Going to the doctor is an integral part of a child’s development. It allows doctors to keep tabs on the child’s growth and development, and it allows parents to discuss any concerns they may have regarding their little one. 

Unfortunately, many young children have a fear of the doctor. Usually associated with getting shots, this fear is hard for kids to overcome and even harder for parents to deal with. If going to the doctor causes anxiety in your child, you may want to keep reading to discover several ways to help alleviate this fear. 

  • Practice Ahead of Time

It’s often fear of the unknown that causes such anxiety. The more familiar your child is with the act of visiting the doctor, the less likely they will be to fight it. 

Start by talking about the visit and what your child can expect the doctor to do. Watch a video about visiting the doctor or use a pretend diagnostic set to show how the doctor will check the ears and listen to the heart. 

  • Don’t Create Fear

Many people like to joke about getting shots, but the reality is, most kids are afraid of them. There is an automatic negative connotation with needles, so avoid the temptation to make light of getting shots. 

Instead, help your child to understand how important shots are in keeping them healthy, and praise them for a job well done once the doctor visit is over. 

  • Avoid Making False Promises

You may be tempted to tell your child whatever it takes to keep them calm and cooperative before the visit, but avoid making false promises you know you can’t keep. For example, don’t promise there will be no shots when you know immunizations are due. 

By telling your child something that isn’t true, you risk breaking the trust they have in you, which can create even more difficulty and anxiety at the next doctor visit. On a grander scale, this parent-child trust is not something you want to jeopardize.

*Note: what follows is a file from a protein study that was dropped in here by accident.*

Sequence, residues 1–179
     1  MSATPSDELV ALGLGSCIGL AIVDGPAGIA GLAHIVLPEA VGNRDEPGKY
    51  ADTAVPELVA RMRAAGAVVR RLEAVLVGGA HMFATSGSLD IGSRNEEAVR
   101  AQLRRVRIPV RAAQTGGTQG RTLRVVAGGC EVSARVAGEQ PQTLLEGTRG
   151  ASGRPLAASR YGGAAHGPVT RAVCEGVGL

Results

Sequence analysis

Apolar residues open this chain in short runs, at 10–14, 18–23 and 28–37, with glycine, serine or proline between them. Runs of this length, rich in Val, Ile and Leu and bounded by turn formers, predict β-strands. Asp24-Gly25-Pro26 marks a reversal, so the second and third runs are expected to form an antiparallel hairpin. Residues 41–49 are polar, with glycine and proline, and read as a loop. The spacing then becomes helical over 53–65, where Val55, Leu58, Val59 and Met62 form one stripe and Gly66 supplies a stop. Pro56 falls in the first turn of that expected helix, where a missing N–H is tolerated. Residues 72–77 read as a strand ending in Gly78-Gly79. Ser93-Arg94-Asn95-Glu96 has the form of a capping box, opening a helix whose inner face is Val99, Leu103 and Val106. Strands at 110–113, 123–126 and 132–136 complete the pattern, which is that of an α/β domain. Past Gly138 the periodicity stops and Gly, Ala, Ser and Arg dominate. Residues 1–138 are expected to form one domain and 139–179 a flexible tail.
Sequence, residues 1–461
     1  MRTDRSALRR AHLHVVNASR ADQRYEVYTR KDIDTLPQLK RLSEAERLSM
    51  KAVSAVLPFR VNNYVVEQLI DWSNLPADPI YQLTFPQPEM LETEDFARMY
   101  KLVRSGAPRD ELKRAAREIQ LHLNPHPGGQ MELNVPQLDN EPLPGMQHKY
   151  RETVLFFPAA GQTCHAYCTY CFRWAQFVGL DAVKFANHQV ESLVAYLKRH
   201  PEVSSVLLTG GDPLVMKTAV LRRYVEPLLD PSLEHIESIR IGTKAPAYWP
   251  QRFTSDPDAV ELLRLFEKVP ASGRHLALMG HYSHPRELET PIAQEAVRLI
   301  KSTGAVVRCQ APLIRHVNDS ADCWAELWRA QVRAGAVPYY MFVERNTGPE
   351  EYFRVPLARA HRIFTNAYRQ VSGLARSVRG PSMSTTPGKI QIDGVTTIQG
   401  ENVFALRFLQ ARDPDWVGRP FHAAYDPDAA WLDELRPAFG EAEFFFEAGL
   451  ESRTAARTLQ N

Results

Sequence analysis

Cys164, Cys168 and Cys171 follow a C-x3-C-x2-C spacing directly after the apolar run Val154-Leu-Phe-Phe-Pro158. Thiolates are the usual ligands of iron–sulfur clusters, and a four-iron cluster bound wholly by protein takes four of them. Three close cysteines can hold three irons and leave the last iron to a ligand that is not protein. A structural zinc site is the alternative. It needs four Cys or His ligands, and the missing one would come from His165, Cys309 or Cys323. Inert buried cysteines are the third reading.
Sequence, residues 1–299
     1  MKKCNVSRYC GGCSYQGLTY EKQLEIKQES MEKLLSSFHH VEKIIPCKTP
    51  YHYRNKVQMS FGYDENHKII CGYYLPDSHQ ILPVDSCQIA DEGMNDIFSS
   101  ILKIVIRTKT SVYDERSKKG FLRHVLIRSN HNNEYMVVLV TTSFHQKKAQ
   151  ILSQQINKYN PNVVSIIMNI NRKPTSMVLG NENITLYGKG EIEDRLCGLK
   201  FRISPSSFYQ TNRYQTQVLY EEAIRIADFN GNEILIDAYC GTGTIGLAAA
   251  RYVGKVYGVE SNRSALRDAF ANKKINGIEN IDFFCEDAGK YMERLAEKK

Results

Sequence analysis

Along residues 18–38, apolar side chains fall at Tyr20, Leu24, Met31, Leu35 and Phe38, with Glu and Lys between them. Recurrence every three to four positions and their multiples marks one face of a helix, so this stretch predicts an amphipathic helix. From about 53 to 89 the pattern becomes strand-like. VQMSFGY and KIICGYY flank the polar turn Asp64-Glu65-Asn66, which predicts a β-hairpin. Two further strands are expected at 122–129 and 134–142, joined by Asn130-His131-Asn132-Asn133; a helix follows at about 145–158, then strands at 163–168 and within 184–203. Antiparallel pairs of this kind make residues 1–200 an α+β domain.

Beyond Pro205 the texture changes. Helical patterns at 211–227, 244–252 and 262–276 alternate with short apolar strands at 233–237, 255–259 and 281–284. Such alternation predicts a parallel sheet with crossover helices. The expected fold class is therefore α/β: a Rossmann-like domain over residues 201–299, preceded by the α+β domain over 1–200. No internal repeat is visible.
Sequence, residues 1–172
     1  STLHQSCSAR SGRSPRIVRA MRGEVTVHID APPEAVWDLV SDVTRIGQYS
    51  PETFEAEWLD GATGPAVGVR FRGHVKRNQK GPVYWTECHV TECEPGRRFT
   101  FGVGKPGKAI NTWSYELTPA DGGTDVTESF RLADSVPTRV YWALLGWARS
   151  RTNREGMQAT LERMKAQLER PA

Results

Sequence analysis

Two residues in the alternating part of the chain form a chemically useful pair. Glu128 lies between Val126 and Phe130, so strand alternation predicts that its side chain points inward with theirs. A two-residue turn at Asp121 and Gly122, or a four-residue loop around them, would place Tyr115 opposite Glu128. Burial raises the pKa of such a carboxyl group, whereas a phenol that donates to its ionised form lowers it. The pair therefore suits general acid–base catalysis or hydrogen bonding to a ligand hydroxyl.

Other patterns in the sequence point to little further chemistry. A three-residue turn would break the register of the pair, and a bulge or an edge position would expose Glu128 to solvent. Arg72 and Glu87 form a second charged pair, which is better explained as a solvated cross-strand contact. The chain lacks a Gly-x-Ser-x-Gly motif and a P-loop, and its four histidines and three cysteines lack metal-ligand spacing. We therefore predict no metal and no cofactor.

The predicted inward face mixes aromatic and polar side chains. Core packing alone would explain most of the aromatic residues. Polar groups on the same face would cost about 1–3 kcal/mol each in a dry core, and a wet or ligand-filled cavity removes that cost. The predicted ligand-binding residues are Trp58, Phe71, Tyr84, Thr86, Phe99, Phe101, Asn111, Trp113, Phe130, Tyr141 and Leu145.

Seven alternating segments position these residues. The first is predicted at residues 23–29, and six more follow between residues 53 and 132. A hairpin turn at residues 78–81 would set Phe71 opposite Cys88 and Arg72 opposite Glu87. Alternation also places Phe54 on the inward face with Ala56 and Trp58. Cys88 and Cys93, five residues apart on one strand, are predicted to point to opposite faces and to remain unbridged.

• Offer Distractions

While screen time should be limited during other times of the day, this doesn’t have to apply during a doctor’s visit. Letting your child watch their favorite show on your phone or listen to music during the visit may offer enough distraction to keep them calm and get the job done. 

Another helpful tactic is to have the child cough at the moment the shot is administered. This simple act helps distract from and diminish the pain. 

  • Offer Comfort

It’s much more effective for a parent to hug or hold a child rather than restrain them during a doctor’s visit. Restraining a child only adds to the anxiety and fear they may be feeling. 

Instead, hold your little one like you normally would at home, or hug them close to provide the comfort they need to feel calm and relaxed. Also, keep your own anxiety about needles or doctors in check as your child can pick up on it, and it will only add to their insecurities. 

  • Give a Treat

Regardless of what happens at the doctor’s office, be sure to give your child a small treat (an ice cream cone, toy, or fun outing) afterward to foster a positive association with visiting the doctor. 

Visiting the doctor is an important part of your child’s development. Many children have a fear of the doctor, but you can use the tips above to help your little one have a more positive experience at their next doctor’s visit. 


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